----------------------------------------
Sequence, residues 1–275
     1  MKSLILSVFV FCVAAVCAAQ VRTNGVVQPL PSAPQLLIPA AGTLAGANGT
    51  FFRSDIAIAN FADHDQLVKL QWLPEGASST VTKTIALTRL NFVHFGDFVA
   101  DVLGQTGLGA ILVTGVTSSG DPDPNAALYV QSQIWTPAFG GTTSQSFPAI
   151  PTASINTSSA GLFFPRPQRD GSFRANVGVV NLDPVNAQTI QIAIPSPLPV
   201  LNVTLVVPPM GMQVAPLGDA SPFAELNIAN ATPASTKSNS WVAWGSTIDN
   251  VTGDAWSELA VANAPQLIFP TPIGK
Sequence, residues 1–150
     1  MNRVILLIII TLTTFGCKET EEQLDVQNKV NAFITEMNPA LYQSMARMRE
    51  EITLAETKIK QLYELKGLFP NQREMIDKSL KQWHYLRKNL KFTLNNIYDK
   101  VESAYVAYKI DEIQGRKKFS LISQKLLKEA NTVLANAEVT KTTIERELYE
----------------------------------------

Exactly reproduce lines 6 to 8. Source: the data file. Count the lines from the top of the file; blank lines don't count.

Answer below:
   201  LNVTLVVPPM GMQVAPLGDA SPFAELNIAN ATPASTKSNS WVAWGSTIDN
   251  VTGDAWSELA VANAPQLIFP TPIGK
Sequence, residues 1–150